Former Secretary of Defense Robert Gates Joins Webinar to Discuss U.S. Foreign Policy

Robert Gates

On June 18, former Secretary of Defense Robert Gates joined the World Affairs Council of Dallas and the Institute for Global Engagement at Dallas Baptist University for a free webinar event discussing U.S. foreign policy.

Dr. Gates worked under eight U.S. presidents, both Republicans, and Democrats, and recently published his book, Exercise of Power, an examination of how power has been employed by American presidents in a post-Cold War age.

To open the webinar event, President of the World Affairs Council of Dallas, Jim Falk, noted how the essential theme of Dr. Gates's book is the failure of the U.S. to effectively use non-military assets by defaulting to military action. He asked Dr. Gates to share his point of view on this evolution of militarized power.

"I think that it really began right after the end of the Cold War," Dr. Gates remarked. "Believing that we were invincible and that we sort of stood atop the mountain, we began taking apart or weakening all of the elements of national power that had contributed so much to victory."

Dr. Gates pointed out that the U.S. utilized an array of tools to win the Cold War technology, strategic communications, the economy, covert operations, and other assets that ensured victory without direct military engagement.

"Since everybody knew the catastrophic consequence of a military clash, the conflict really took place using non-military instruments of power," Dr. Gates shared. "After the end of the Cold War, all of these instruments moved to the back. They were defunded."

The result of this, as Dr. Gates explains, was the implementation of military action as a first-choice response. This new way of thinking, along with the weakening of non-military resources, is what Dr. Gates attributes to the over-militarization of American's current foreign policy.

"When the only tool you have is a hammer, every problem looks like a nail," he shared. "We overuse our military, in no small part because all of the other instruments are so weak. And I think that contributed to us ending up in 20 years of war. So, I think the whole theme here is that the tools that helped us succeed in the Cold War, we now have to realize are going to be essential for the long contest ahead of us with Russia and China."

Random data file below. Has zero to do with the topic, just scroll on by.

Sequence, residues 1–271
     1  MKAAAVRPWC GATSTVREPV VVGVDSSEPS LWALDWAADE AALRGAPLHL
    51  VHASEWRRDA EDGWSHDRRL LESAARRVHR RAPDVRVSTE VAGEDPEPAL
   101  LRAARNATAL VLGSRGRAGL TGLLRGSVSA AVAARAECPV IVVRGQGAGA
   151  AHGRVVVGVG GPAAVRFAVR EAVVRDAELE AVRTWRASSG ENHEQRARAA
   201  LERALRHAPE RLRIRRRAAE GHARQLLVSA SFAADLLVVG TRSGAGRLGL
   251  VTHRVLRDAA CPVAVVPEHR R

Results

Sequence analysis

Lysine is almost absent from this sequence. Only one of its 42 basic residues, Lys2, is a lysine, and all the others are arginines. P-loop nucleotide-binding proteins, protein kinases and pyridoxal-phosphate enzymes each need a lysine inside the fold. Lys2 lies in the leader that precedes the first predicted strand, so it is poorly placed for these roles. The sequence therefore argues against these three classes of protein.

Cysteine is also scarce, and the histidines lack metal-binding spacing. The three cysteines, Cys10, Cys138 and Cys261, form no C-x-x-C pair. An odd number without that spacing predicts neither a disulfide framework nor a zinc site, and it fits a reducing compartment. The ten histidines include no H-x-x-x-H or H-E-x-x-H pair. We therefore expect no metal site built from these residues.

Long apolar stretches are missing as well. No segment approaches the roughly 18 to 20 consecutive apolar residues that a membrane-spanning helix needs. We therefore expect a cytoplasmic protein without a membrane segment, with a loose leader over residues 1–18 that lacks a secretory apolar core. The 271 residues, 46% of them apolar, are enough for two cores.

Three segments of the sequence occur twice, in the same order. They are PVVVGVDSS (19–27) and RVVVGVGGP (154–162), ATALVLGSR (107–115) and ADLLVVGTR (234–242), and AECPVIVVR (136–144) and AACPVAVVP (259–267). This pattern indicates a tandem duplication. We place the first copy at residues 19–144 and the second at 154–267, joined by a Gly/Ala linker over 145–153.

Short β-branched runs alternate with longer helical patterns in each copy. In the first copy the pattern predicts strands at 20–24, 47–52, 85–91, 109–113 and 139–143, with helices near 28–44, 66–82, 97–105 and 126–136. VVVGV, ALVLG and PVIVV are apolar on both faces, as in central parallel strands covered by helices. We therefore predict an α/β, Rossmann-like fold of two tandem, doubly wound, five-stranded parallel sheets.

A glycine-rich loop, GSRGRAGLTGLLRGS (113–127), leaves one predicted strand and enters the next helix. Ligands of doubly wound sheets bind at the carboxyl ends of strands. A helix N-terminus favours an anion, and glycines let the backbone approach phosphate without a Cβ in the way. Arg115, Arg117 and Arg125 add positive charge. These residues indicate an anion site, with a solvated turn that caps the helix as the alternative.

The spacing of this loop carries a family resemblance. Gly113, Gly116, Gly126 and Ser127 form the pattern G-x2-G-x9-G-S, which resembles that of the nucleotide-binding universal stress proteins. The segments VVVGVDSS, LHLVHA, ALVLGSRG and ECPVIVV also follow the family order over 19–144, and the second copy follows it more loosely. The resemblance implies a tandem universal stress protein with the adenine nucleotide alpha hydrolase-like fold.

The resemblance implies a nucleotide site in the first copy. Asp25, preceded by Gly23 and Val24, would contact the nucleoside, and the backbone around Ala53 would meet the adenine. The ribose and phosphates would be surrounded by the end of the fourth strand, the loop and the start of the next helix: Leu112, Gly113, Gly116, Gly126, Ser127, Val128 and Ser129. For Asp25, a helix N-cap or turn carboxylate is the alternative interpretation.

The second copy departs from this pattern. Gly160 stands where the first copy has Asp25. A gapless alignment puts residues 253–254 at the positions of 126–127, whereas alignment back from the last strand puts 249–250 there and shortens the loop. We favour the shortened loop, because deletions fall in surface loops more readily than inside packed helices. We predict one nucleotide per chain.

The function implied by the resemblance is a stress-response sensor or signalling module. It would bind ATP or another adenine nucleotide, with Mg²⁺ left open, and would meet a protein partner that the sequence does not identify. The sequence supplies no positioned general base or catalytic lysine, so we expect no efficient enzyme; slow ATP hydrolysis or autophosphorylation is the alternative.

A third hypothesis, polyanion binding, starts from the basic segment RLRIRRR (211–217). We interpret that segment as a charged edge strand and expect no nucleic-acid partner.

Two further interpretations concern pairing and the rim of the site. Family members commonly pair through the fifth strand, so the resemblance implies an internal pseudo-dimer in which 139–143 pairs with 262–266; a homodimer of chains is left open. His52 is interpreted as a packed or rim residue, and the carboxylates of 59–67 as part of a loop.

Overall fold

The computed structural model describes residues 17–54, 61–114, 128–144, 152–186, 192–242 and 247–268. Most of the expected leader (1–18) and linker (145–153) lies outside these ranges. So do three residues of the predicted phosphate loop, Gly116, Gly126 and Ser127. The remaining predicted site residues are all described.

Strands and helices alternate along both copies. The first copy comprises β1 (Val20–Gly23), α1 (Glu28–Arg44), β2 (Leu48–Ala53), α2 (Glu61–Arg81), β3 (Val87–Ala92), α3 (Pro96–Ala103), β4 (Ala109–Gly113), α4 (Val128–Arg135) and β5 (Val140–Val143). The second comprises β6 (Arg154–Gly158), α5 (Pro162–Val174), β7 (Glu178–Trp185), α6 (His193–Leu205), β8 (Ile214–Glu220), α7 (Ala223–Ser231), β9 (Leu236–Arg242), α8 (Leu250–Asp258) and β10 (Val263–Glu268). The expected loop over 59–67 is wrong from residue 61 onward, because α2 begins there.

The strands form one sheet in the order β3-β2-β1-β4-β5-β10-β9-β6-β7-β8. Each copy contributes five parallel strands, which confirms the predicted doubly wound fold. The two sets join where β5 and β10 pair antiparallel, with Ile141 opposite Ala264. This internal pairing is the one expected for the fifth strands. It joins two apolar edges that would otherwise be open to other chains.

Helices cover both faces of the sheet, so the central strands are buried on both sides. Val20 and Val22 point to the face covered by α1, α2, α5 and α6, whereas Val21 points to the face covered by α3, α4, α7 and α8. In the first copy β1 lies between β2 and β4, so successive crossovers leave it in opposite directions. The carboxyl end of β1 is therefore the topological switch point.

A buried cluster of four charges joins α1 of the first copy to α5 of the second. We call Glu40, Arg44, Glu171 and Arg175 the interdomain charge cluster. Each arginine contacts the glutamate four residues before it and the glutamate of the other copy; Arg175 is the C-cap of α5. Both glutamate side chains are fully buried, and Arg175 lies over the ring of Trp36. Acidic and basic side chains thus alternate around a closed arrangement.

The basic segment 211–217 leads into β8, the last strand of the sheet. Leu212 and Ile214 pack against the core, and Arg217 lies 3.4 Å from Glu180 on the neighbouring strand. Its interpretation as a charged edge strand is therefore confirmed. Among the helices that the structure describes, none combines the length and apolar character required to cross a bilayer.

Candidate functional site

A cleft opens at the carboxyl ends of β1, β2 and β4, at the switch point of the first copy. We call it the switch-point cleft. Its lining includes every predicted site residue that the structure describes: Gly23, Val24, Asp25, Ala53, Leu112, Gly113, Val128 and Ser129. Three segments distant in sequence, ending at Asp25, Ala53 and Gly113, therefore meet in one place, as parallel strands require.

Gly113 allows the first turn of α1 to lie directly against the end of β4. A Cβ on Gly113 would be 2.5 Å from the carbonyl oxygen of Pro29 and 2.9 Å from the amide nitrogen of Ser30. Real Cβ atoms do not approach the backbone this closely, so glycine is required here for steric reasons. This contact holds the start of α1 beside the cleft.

Falk then asked whether or not it was fair to place the responsibility of these reductions in non-military tools on Congress. Dr. Gates shared that it is both Congress and presidential administrations that cause such reductions to occur.

"I would also say most presidents don't make much of an effort. One of the instruments that was significantly weakened was the Department of State," Dr. Gates said. "So, over time, the result was that even diplomacy was significantly weakened. Condoleezza Rice used to joke with me that I had more people in military vans than she had in foreign service."

One way to counteract over-militarization and the loss of non-military resources, Dr. Gates suggests, is an effective working relationship between the government and the private sector.

"What we can do is figure out a better way to bring to bear the enormous economic power of the American private sector. And where we need to be more creative in figuring out a partnership between government and business," he said. "I think there are opportunities for the government to enable and to assist our private sector in getting engaged in the developing world in a powerful and competitive position."

Dr. Gates served as Secretary of Defense under President George W. Bush and President Barack Obama, beginning his career as an officer in the U.S. Air Force. He was soon recruited by the Central Intelligence Agency, was a member of the National Security Council for four administrations, and eventually served as the CIA Director under President George H.W. Bush. From 2002 to 2006, Dr. Gates was President of Texas & AM University. Currently, he acts as Chancellor of the College of William & Mary.

Written by Faith Myers

Faith Myers is a member of University Communications at Dallas Baptist University.

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